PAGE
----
The invasion began on April 21, with the objective of seizing the port, customs house, and other critical infrastructure in order to prevent imported arms from reaching the Huerta government (the US had imposed an arms embargo on Mexico). Hundreds of marines and sailors from the USS Florida (built at the Brooklyn Navy Yard) and USS Utah went ashore, and faced scattered resistance from the army, armed citizens, and cadets from the naval academy in the city. The American commander, Adm. Frank Friday Fletcher, decided that the port alone could not be held, and American forces would instead have to occupy the entire city. In two days of fighting, 17 American servicemen were killed, and the occupation of the city would last for another six months.
The bodies of these 17 men were brought to New York aboard the USS Montana, which delivered them to the Battery in Lower Manhattan on May 11. They were then carried in a procession over the Manhattan Bridge to the Navy Yard, where a memorial service was held, attended by 10,000 onlookers. Wilson, who unexpectedly joined the parade – he was originally supposed to go directly to the Navy Yard from Penn Station – was described by the Times as “silent and very grave. … His square jaw was set as he rode in the open carriage, and his eyes were misty as he repeatedly raised his hat and bowed to the multitude.”
Wilson then stepped to the podium erected in front of the Marine Barracks (since torn down) before the crowd gathered on the parade ground. His speech was similarly grave, yet triumphant, praising the men and the cause for which they gave their lives. “We want to serve the Mexicans if we can,” he said, “because we know how we would like to be free, and how we would like to be served if there were friends standing by in such case ready to serve us. A war of aggression is not a war in which it is a proud thing to die, but a war of service is a thing in which it is a proud thing to die.”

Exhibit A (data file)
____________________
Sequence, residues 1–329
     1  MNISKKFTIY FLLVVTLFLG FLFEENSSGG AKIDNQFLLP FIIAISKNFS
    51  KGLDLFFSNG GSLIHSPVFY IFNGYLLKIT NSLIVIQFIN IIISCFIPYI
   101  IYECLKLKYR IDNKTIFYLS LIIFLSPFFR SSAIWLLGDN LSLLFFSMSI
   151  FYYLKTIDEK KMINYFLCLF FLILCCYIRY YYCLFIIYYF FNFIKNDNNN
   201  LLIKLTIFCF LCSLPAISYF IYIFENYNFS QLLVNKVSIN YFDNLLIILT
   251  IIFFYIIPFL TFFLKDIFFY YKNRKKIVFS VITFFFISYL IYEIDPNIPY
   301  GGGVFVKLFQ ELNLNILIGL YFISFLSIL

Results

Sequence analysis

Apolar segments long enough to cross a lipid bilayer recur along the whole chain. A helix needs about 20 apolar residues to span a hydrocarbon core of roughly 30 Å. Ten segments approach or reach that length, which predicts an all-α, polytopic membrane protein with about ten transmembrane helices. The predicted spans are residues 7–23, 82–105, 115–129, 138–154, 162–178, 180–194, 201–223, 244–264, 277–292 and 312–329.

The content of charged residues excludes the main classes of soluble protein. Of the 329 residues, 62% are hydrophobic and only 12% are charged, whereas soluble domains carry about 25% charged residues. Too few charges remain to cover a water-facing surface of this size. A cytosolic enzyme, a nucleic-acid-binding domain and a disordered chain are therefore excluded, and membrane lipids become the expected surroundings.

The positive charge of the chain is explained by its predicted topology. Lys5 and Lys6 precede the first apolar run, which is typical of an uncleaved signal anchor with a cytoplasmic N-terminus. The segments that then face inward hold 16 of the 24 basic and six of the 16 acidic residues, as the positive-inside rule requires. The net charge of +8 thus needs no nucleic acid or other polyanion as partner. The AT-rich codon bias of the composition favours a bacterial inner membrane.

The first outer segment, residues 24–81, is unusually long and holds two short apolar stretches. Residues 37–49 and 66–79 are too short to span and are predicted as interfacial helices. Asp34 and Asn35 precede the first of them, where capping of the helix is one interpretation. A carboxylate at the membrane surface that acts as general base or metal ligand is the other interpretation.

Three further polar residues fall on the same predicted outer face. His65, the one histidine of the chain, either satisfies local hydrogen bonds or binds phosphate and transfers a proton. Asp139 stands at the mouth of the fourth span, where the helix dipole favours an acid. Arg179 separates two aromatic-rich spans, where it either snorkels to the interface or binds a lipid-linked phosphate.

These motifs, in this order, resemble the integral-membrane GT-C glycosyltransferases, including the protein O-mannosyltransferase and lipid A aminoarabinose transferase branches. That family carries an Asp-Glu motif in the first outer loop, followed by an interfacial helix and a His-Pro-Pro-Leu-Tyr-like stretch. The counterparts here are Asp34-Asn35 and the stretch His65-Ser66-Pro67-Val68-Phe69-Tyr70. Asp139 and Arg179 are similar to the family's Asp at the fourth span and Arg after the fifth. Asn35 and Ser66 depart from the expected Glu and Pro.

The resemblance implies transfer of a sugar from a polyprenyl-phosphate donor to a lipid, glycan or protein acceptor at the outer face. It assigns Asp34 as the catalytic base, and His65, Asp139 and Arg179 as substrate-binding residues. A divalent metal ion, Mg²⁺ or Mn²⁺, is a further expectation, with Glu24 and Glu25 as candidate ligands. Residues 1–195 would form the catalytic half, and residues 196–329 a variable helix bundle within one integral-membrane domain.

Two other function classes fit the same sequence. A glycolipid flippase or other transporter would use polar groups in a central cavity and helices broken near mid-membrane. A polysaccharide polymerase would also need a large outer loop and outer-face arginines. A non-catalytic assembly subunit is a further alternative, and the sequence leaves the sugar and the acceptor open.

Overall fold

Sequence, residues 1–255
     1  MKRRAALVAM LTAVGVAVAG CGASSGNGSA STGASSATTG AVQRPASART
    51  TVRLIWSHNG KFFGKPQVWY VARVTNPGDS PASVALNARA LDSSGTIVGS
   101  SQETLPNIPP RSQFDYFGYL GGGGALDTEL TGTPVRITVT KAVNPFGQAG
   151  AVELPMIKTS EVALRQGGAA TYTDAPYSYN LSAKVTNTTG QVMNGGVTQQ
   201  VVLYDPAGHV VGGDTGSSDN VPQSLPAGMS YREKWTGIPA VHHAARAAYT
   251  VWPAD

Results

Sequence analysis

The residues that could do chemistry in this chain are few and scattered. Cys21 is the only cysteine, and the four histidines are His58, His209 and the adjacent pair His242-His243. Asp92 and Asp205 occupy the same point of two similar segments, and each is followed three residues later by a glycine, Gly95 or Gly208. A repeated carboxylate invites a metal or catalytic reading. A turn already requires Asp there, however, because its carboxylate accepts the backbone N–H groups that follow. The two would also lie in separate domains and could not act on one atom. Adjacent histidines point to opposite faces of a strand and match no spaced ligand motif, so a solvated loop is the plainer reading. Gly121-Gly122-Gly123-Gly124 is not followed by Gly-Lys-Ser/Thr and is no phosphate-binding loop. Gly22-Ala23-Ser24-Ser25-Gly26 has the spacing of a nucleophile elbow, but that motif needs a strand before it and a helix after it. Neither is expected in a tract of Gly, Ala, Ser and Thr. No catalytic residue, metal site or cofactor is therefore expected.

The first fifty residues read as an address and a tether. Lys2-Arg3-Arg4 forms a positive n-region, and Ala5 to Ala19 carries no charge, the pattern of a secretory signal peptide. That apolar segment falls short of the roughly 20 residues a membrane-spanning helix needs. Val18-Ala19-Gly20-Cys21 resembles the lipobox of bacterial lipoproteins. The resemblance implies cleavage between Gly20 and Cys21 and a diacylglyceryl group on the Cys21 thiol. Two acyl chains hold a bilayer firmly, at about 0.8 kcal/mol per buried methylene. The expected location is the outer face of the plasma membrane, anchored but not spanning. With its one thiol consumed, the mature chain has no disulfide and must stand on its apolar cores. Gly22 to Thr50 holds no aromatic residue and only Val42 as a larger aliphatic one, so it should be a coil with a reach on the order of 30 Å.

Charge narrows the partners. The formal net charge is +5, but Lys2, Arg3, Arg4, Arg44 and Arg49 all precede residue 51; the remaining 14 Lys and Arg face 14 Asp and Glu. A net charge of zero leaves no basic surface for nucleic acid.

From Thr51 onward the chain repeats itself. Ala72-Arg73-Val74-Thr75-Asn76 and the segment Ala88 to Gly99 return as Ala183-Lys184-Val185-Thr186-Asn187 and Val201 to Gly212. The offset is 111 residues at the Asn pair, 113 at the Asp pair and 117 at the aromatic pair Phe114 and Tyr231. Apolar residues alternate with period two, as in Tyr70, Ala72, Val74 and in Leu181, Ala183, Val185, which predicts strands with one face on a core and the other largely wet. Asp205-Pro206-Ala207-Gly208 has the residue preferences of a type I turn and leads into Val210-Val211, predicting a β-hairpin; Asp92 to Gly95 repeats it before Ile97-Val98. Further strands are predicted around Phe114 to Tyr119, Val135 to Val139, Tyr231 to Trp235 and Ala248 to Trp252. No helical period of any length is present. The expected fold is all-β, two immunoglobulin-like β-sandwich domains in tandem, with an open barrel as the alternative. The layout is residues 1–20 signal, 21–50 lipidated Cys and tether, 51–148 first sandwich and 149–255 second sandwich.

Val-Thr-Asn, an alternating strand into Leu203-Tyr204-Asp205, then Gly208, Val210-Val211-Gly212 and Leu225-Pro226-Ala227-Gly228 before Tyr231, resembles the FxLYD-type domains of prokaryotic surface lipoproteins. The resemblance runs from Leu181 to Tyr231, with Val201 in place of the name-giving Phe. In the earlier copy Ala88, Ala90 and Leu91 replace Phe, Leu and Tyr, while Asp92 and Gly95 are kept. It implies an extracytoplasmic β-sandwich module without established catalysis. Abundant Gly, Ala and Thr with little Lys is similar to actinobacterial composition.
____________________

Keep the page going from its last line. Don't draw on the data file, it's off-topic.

The yard’s history is littered with visits by past, future, and vice-presidents, but sitting presidents were rare. It’s unlikely that these are the only two presidents to visit the yard while in office, and we will keep digging for more examples. Though it is no longer a federal naval shipbuilding facility, the Brooklyn Navy Yard is an urban industrial park of national prominence, a leader in adaptive, sustainable reuse of former military sites. As our current president has a keen interest in alternative energy, green manufacturing, and job growth – all things he harped on in his recent State of the Union address – it may be time for President Obama to pay a visit to the reinvented Brooklyn Navy Yard.
You can be like presidents Taft and Wilson and visit the Brooklyn Navy Yard yourselves! We offer our Overview Tour of the Brooklyn Navy Yard on weekends at 2pm during the winter months (check our tour calendar for details), and other special themed tours of the yard. We also offer all of our tours and special packages for private tour groups. All tours begin at the Brooklyn Navy Yard Center at Building 92, which offers free admission to three floors of exhibitions on the yard’s history, the Ted & Honey rooftop cafe, and a host of great special events and programs.
The post was authored by Andrew Gustafson.